Body and Mind: The Impact of Stress on the Immune System
By Martha Michael
The connection between mind and body is acknowledged by wellness experts of all kinds. Collaborative research by scientists confirms that your state of mind is linked to health conditions ranging from stomachaches to heart disease.
One example of the impact your mind and emotions have on your health is the link between stress and your immune system. While some stressors help in the short term, chronic stress stemming from the pressures of relationship strife to challenges at work can cause serious long-term health problems.
Stress and Immune System Suppression
The American Psychological Association website describes some of the early research in the field of psychoneuroimmunology which points out the mind-body connection. A study of medical students in the 1980s and 1990s supports the link between stress and a reduced ability to fight infection. Data shows that participants had a suppressed immune system response each year during a three-day exam period. The data showed a reduced number of T cells, which fight infection, and they nearly stopped producing gamma interferon, a substance that boosts immunity.
The decades of research since then has broadened in scope, including studies about who is more prone to immunosuppression and the types of mental disorders contributing to it.
A study at Johns Hopkins School of Medicine says that older people with chronic mild depression have a greater chance of immune system suppression. Participants in their 70s who were caretakers of Alzheimer’s disease patients had weaker lymphocyte T cell responses, which is an indicator of your ability to fight viruses and bacteria. Though they were just mildly depressed, their age added to the negative impact on their immune system -- even when tested 18 months later.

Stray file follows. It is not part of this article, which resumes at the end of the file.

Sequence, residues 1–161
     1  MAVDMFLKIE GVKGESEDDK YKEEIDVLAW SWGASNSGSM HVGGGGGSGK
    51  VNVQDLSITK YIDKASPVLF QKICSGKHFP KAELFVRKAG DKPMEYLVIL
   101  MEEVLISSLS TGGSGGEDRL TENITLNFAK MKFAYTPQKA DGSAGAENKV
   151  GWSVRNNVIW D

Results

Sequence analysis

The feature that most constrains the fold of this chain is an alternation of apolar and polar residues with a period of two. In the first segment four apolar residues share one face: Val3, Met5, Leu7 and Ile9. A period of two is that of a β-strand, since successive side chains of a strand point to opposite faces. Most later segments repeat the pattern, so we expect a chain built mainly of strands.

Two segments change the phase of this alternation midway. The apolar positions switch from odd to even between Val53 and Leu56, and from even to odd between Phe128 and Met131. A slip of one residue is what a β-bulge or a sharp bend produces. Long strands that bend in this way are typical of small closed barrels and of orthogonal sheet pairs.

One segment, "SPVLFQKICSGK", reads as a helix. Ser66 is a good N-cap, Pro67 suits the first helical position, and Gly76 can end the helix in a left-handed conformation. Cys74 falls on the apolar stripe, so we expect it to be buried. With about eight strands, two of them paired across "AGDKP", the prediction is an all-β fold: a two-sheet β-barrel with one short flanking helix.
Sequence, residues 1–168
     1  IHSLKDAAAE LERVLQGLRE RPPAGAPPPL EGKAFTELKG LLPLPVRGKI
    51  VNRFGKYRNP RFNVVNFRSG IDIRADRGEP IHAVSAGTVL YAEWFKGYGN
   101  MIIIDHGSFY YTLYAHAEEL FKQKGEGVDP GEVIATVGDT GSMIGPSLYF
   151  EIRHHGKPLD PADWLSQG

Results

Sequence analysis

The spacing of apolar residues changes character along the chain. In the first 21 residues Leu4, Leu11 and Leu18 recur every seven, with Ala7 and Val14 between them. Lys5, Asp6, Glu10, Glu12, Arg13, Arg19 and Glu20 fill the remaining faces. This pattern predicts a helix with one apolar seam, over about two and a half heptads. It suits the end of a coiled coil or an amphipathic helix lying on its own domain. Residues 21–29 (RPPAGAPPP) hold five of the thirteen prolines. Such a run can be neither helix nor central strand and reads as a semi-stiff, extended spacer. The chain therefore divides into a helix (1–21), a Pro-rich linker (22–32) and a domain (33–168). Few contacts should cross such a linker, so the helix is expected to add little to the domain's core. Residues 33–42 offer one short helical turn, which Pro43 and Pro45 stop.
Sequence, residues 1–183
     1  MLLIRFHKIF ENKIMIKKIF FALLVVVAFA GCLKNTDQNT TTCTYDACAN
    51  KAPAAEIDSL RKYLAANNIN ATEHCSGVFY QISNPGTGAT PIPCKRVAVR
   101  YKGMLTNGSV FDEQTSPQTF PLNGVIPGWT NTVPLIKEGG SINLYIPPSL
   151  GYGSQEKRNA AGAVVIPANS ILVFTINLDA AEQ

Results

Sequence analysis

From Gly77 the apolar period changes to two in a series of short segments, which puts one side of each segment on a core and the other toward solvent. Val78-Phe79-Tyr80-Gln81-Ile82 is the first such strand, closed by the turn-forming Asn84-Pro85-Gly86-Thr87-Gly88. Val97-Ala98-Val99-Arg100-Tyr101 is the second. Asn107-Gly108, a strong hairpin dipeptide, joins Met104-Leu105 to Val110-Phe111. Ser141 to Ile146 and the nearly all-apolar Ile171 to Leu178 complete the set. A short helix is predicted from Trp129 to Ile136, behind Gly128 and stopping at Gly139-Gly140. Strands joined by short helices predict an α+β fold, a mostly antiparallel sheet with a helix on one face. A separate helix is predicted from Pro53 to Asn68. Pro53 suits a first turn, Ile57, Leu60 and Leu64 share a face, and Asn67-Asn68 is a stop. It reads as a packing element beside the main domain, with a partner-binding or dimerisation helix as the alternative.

An article by the Cleveland Clinic discusses the link between stress and inflammation, which is a physical response by your immune system. The effect of stressful circumstances on your health is directly tied to the length of time your body responds to a stressor.
When you’re faced with a stressful situation, the hormone cortisol is released by your immune system. The production of cortisol boosts your immunity at first and reduces inflammation. But long-term overproduction of cortisol does the opposite -- it increases inflammation. Also, long-term stress can result in chronic depression or anxiety which are conditions that also increase inflammation.
Chronic inflammation can raise your chance of developing conditions such as:
- Inflammatory bowel disease
Suffering from the emotional challenges of stress can also result in other serious health issues, including cardiovascular diseases, gastric ulcers, and type 2 diabetes.
Short-Term vs. Long-Term Stress
A report from scientists at the Stanford University School of Medicine points out the difference between the impact of short-term and long-term stress on your body. One is detrimental to your immune system while the other actually boosts your ability to fend off disease.